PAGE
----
Updated 15-inch MacBook Pros and 27-inch Retina iMacs

Lower Cost Retina iMacs and New Features for MacBook Pros

27-inch iMac with Retina 5K
27-inch iMac with Retina 5K. Apple

As expected, Apple released updates to the 15-inch MacBook Pro lineup, as well as new versions of the 27-inch iMacs with Retina 5K display. In a bit of a surprise, Apple didn't update to the newer Intel processor family; it stayed with the older Haswell lineup instead of moving to the Broadwell family. This could be a pretty good indication that Apple is just fed up with Broadwell and all the production delays, and will likely wait for the next product cycle (Skylake) from Intel.

15-inch MacBook Pro Updates

The 2015 version of the 15-inch MacBook Pro includes technology we've already seen in the new 12-inch MacBook; specifically, the Force Touch trackpad, with its haptic feedback system that provides a tactile pressure that simulates the way older Mac trackpads moved with each click, all with very little physical movement.

Apple created the Force Touch trackpad primarily to save space by reducing the depth needed by a click-y trackpad, an important consideration for the thin-is-in design mantra from Apple. One useful upshot, however, is that the Force Touch trackpad gains a secondary click function, produced by applying more force to a click.

Along with the new Force Touch trackpad, the new MacBook Pros will include faster PCIe SSD storage capabilities. By upping the PCIe lanes used for the SSD from two to four, Apple says the SSDs can produce read and write speeds up to 775 MB per second.

One early benchmark result with a 1 TB SSD in the new MacBook Pro came in at 1 GB per second.

Graphics for the baseline 2015 15-inch MacBook Pro remains the Intel Iris Pro graphics, likely from the 5200 series. The upscale models make use of dual graphics, using the Intel Iris Pro along with the AMD Radeon R9 M370X.

Finally, Apple claims the new MacBook Pros have an additional hour of battery life, upping the runtime to 9 hours.

2015 MacBook Pro Pricing (standard models)
BaseTop End
2.2 GHz Quad-Core i72.5 GHz Quad-Core i7
16 GB RAM16 GB RAM
256 GB PCIe SSD512 GB PCIe SSD
Intel Iris Pro GraphicsIntel Iris Pro Graphics + AMD Radeon R9 M370X
$1,999.00 $2,499.00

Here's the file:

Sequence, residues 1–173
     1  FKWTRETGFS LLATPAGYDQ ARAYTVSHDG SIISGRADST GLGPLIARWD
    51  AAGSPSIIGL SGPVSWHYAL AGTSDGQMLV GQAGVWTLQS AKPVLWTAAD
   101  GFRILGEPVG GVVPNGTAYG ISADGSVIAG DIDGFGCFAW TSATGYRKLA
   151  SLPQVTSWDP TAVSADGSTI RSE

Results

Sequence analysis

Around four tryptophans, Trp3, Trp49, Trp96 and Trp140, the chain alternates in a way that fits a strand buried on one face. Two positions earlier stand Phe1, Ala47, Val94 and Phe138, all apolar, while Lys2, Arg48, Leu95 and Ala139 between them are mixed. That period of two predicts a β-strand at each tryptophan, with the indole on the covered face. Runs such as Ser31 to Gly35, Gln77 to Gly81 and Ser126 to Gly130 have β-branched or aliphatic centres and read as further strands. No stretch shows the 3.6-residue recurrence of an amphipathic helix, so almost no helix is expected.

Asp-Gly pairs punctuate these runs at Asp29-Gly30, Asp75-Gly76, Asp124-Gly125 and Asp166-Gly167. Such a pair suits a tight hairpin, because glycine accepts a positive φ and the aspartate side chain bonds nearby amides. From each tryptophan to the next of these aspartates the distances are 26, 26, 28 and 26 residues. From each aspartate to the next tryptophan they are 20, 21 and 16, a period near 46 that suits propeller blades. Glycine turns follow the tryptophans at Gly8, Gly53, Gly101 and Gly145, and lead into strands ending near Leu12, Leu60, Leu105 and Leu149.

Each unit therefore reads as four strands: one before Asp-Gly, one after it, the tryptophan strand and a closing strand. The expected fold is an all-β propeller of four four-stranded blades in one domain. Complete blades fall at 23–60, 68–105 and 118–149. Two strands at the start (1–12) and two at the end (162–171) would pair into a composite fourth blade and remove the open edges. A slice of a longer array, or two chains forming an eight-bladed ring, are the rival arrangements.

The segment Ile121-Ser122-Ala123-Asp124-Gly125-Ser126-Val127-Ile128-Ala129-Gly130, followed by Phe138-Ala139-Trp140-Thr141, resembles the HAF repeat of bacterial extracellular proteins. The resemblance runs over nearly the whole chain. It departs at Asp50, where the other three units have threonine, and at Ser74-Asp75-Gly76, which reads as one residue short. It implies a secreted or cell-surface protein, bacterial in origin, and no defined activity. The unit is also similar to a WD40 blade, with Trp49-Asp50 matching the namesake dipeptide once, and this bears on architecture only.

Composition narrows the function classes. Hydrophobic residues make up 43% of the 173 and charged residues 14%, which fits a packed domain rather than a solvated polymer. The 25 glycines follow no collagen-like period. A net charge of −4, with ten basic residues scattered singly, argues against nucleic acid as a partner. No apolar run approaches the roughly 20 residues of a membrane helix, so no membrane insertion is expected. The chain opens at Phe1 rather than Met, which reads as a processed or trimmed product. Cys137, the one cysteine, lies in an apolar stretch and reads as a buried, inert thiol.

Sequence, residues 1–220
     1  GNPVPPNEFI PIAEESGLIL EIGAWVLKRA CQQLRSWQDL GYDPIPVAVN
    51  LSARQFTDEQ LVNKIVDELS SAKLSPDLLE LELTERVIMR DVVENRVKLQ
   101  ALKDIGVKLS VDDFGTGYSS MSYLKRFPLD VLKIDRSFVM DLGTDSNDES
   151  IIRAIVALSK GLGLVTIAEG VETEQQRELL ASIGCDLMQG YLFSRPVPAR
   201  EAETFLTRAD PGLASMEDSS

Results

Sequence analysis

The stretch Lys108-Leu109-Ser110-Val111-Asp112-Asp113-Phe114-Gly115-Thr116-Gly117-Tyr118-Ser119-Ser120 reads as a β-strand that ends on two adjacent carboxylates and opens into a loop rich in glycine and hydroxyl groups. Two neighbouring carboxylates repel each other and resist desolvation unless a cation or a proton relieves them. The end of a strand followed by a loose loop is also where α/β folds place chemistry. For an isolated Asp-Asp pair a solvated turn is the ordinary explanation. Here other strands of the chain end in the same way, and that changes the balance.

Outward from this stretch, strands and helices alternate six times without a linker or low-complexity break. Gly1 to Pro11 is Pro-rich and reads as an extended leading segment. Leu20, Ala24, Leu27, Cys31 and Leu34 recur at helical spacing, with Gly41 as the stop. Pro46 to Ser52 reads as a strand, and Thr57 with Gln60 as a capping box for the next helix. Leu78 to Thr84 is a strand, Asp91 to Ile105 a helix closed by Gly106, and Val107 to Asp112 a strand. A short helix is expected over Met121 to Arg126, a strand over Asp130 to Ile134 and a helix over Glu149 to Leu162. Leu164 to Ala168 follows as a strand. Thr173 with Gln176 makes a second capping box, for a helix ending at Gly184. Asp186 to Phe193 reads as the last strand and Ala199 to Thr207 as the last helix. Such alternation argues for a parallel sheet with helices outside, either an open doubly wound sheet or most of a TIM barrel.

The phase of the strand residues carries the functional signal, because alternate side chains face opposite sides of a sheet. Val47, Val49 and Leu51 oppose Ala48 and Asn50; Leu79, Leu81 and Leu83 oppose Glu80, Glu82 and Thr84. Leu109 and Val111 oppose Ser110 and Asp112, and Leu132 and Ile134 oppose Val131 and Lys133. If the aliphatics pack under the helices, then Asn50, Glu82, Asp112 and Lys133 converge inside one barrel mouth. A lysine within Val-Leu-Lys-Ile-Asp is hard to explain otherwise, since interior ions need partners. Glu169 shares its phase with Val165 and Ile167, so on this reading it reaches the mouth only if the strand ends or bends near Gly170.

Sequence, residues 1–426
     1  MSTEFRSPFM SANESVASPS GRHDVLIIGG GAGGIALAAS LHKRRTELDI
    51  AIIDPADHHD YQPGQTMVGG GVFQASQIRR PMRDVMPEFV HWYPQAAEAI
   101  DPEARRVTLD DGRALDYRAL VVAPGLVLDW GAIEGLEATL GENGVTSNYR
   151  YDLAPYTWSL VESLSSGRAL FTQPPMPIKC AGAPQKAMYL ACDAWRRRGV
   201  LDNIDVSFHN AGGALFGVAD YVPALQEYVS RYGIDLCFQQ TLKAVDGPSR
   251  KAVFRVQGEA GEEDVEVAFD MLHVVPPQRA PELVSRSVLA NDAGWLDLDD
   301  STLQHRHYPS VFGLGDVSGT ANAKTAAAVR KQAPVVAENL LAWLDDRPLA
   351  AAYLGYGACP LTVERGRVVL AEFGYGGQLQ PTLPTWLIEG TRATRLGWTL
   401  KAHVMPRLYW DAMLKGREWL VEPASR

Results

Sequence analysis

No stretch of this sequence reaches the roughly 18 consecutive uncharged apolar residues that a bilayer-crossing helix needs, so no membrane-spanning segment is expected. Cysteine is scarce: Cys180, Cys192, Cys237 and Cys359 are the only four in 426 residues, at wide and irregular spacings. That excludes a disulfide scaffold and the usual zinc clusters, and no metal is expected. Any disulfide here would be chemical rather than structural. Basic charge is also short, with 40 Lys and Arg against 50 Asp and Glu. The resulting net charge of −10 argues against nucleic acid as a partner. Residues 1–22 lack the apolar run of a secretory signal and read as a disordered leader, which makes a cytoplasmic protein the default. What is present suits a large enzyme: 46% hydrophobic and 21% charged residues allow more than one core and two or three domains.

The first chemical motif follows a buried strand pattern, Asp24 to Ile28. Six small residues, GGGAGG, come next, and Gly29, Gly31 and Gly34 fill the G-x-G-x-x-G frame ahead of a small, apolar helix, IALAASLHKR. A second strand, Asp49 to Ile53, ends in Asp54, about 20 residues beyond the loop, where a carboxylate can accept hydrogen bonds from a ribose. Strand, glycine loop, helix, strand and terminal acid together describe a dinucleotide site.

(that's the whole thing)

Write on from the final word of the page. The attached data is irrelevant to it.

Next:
2015 27-inch iMac with 5K Retina Display

The Retina iMac lineup also received an update this morning, one that saw a new lower cost baseline model, and a nice price drop on the rest of the Retina iMac models.

Just like the MacBook Pro updates, Apple stayed with the Haswell versions of the Intel processors for the iMac upgrades. In fact, the only real difference for the 2015 27-inch iMac with Retina 5K display is the addition of the new baseline model, and the lowering of price on the remaining models in the lineup. So, let's take a look at the new baseline offering.

It appears Apple was looking primarily for a way to lower the entry price into its big Retina iMac; it did so by removing the Fusion drive as the minimum storage configuration and replacing it with just a 1 TB hard drive. The other changes are a slightly slower 3.3 GHZ Quad-Core i5, and the replacement of the original AMD Radeon R9 M290X with the non-X version of the graphics card, the AMD Radeon R9 M290.

I haven’t found any details on the AMD site about the difference between the two graphics cards. I suspect the M290 might have fewer streaming cores, or a slightly slower clock rate. We'll have to wait until benchmarks and more details about the GPU emerge to know what difference it will make. But I’m not expecting a major graphics penalty between the two options, at least for general use of the 27-inch iMac. Graphics pros may want to wait for a full evaluation of the graphics capabilities before scooping up a few dozen of the low-cost iMacs to use as rendering stations.

2015 27-inch iMac Pricing
BaseTop End
3.3 GHz Intel Quad-Core i53.5 GHz Intel Quad-Core i5
8 GB RAM 8 GB Ram
1 TB hard drive1 TB Fusion drive
AMD Radeon R9 M290AMD Radeon R9 M290X
$1,999$2,299.00

With the newest iMac taking the baseline slot, the original base model is now the top end in the standard configurations, and has a $200.00 reduction in price. The custom order options are all still available, and since the custom builds are based on the new reduced price, top-end model, you can expect a $200.00 reduction across the board. Isn’t technology wonderful?

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